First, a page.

The frame stays are two aluminum rods that slot into stay pockets on the inside of the main compartment and terminate inside the hip belt. The stays keep the back panel behind your shoulders rigid so it won’t collapse on itself. They also to help transfer some of the pack weight off your shoulders and onto your hips, since the bottom of the stays terminate inside the 3400’s hip belt, which is sewn directly onto all of HMG’s packs. The sewn-on hip belt is one of the main reasons why HMG’s packs carry so well. Shop around. Very few ultralight pack manufactures have a hip belt that is so tightly coupled with the pack body. It makes a huge difference.

The hip belt of the 3400 Southwest is covered with padded mesh, but not overly padded which is what I prefer, with a beefy front buckle for durability. The shoulder straps also have light padding, with sewn-on daisy chains that make it easy to add accessory pockets, like my camera pocket (shown), or navigation devices to the straps.

Daisy chains sewn on the front of the shoulder pads make it easy to attach exra pockets or navigation instruments
Daisy chains sewn on the front of the shoulder pads make it easy to attach exra pockets or navigation instruments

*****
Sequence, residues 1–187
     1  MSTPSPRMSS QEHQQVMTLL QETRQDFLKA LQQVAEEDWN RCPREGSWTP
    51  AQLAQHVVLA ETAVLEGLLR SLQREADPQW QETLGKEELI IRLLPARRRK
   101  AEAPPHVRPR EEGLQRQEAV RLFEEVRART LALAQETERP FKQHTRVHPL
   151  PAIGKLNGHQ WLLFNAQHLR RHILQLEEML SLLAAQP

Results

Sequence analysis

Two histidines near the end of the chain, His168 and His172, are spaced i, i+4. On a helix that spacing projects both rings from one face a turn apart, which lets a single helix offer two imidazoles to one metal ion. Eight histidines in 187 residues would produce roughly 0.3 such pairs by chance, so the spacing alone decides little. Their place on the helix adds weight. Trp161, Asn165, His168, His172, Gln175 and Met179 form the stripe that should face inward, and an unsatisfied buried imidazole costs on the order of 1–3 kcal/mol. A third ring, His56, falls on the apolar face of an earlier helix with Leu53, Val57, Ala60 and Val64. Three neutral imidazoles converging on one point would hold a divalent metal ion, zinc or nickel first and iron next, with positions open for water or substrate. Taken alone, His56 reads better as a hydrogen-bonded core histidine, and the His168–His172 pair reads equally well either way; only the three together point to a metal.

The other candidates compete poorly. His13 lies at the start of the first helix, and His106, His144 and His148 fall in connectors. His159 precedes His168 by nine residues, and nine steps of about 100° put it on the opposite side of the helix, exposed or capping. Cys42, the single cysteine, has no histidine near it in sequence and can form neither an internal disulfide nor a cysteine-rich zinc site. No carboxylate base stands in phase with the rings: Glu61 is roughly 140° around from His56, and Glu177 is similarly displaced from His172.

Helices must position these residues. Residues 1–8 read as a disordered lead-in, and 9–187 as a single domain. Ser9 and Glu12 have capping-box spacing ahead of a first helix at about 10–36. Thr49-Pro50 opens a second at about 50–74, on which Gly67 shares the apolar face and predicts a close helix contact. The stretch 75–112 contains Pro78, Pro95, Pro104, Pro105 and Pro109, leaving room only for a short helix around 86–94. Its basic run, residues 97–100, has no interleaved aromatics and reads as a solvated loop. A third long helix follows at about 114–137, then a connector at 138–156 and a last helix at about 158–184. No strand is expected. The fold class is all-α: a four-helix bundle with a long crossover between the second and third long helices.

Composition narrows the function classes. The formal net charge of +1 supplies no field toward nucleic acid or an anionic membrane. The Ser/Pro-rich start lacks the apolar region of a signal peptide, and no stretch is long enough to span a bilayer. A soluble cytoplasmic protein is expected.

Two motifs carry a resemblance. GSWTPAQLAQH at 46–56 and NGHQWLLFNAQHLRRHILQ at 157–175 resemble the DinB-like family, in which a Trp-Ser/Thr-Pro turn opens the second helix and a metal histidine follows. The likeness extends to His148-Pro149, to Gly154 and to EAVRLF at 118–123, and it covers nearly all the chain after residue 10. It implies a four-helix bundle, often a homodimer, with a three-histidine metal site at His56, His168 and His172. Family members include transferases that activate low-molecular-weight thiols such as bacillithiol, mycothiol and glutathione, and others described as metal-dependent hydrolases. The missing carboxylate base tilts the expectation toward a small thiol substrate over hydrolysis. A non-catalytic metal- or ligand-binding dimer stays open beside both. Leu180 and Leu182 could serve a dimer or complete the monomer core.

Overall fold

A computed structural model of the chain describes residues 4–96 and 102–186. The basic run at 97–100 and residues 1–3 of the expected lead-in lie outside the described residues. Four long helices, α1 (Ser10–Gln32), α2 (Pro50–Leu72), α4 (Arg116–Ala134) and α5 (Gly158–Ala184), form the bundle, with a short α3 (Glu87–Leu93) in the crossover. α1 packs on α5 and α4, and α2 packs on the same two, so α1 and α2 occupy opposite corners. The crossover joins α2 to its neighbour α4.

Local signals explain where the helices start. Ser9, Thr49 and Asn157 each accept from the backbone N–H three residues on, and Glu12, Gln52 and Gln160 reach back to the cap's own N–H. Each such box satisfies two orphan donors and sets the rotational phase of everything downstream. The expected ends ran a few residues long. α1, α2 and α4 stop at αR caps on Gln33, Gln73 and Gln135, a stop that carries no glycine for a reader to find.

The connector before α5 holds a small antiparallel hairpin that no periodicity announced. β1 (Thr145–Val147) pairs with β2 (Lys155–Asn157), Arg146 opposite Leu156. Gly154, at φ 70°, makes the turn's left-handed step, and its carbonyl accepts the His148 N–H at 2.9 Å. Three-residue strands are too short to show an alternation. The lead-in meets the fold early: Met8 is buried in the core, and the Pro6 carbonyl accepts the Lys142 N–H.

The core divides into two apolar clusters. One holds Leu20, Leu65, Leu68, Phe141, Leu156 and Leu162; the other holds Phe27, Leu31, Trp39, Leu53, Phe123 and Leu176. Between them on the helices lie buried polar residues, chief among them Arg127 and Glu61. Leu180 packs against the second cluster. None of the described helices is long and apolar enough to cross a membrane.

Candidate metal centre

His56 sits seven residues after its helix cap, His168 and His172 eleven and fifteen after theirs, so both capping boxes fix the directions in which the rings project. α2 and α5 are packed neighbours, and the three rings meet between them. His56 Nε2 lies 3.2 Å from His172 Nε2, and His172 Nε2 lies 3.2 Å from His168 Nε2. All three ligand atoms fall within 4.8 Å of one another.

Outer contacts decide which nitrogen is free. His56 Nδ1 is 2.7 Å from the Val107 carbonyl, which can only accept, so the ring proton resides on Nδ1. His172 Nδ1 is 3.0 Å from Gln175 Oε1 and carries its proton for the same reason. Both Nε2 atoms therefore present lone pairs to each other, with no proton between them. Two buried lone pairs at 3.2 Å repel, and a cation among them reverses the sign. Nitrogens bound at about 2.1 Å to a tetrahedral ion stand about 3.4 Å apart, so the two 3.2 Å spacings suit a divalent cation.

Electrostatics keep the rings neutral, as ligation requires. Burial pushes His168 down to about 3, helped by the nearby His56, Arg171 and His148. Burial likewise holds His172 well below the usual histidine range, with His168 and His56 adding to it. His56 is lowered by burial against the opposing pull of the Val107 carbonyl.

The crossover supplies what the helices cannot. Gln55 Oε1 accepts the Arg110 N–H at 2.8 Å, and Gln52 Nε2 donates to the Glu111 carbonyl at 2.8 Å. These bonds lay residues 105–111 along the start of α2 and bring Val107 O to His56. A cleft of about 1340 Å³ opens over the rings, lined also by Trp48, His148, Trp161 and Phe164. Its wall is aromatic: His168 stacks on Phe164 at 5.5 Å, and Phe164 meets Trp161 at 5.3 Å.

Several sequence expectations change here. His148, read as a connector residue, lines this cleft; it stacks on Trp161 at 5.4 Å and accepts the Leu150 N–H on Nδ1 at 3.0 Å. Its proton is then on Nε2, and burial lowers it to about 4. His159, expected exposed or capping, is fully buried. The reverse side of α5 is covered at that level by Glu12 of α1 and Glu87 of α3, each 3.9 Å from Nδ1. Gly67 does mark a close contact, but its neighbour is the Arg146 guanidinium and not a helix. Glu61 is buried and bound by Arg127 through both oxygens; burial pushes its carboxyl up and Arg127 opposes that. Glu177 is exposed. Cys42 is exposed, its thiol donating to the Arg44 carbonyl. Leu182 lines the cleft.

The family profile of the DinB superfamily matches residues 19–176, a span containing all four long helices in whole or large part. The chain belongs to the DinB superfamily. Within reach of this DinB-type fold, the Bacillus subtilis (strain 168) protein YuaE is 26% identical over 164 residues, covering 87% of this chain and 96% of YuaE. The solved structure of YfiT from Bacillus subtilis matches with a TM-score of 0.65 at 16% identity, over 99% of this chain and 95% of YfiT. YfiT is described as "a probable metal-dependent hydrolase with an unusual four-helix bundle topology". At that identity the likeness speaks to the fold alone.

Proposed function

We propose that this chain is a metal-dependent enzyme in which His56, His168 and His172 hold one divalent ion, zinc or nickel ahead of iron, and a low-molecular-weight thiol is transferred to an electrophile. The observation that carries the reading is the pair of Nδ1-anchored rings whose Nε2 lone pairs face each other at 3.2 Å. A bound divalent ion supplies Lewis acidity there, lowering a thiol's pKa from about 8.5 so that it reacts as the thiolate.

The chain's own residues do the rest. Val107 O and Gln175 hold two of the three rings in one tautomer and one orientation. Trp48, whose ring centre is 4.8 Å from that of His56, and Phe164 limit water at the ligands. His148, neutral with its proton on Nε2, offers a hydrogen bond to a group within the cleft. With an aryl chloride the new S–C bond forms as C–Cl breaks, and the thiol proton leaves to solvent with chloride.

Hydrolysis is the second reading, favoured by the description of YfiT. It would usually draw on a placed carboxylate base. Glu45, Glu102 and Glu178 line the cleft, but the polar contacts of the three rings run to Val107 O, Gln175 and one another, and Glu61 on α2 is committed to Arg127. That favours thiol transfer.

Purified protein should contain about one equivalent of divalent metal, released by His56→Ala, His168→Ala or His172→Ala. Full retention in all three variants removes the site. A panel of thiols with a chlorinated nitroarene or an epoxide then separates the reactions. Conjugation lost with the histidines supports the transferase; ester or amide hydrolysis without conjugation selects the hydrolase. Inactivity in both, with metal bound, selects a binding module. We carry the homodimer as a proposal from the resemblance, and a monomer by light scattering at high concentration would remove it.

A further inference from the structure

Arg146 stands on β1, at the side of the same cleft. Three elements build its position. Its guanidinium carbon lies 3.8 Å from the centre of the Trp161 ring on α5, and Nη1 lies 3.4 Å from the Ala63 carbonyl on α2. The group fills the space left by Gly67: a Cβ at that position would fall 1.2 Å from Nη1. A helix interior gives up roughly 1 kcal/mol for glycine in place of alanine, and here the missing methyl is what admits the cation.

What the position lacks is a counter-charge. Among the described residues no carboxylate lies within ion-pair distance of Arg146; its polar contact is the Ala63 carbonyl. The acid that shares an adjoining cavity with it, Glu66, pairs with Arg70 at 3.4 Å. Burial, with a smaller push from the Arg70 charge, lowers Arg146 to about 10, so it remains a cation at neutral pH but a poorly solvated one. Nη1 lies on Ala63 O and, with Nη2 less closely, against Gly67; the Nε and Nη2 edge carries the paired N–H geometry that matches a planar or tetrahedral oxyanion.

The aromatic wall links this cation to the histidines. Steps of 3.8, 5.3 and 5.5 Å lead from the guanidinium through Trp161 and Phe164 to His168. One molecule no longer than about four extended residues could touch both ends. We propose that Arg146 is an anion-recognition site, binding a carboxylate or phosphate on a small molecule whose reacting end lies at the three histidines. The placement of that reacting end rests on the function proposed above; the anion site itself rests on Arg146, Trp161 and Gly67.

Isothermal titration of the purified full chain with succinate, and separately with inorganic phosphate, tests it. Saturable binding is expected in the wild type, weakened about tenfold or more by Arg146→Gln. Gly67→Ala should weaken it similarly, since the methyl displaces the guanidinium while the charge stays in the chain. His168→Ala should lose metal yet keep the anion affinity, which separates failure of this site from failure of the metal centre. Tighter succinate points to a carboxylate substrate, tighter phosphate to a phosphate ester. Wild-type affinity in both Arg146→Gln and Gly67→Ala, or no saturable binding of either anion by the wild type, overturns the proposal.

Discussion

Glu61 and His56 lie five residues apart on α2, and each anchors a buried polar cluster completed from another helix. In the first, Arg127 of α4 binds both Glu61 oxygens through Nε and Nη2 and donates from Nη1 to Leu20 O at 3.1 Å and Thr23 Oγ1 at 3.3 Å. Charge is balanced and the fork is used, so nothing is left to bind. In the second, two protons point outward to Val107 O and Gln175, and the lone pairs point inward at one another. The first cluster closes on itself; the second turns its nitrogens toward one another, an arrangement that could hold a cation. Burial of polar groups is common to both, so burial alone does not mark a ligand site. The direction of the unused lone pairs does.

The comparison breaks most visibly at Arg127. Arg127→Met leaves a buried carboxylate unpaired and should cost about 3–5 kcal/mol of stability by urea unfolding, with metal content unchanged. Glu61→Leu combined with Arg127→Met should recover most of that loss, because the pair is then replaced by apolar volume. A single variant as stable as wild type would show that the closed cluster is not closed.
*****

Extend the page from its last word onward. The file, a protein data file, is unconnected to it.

When packing the 3400 Southwest, you need to be cognizant of the fact that the pack’s back panel and frame stays end at the top of your shoulders and do not provide extra rigidity for gear stored in the extension collar. Heavy items, like food bags, should be packed towards the bottom of the pack and as close to the back panel as possible. This is doubly important because HMG does not put load lifters on their backpacks because they don’t have full frames (load lifters on frameless packs have marginal utility), and there’s no way to tilt your load forward if you’ve packed it so it pulls your center of gravity backwards.

When I pack the 3400, I put my sleeping bag stuffed in a dry sack at the bottom of the pack and then stack my food bag in top of it, stacking my hammock and other heavy items up the back panel as I go. I stuff lighter weight insulating layers and clothing behind the heavier items to hold them in place, and then put my lightest items in the extension collar (mainly clothing and personal effects). I then use the pack’s roll top to compress the items in the extension collar and shrink the volume they require. This weight and volume distribution provides the best load control since heavy items are located near my hips and there’s a direct transfer of kinetic energy from my core to items located just above the small of my back.

Cold and frosty morning on the Maryland AT with the Hyperlight Mountain Gear 3400 Southwest Backpack
Cold and frosty morning on the Maryland Appalachian Trail with the Hyperlite Mountain Gear 3400 Southwest Backpack

Recommendation

The Hyperlite Mountain Gear 3400 Southwest Backpack is a bomber multi-day backpack geared for tough adventures that will rip most other ultralight-style pack to shreds. It you’re rough on backpacks, but still want one that only weighs two pounds, the 3400 Southwest pack probably has your name on it.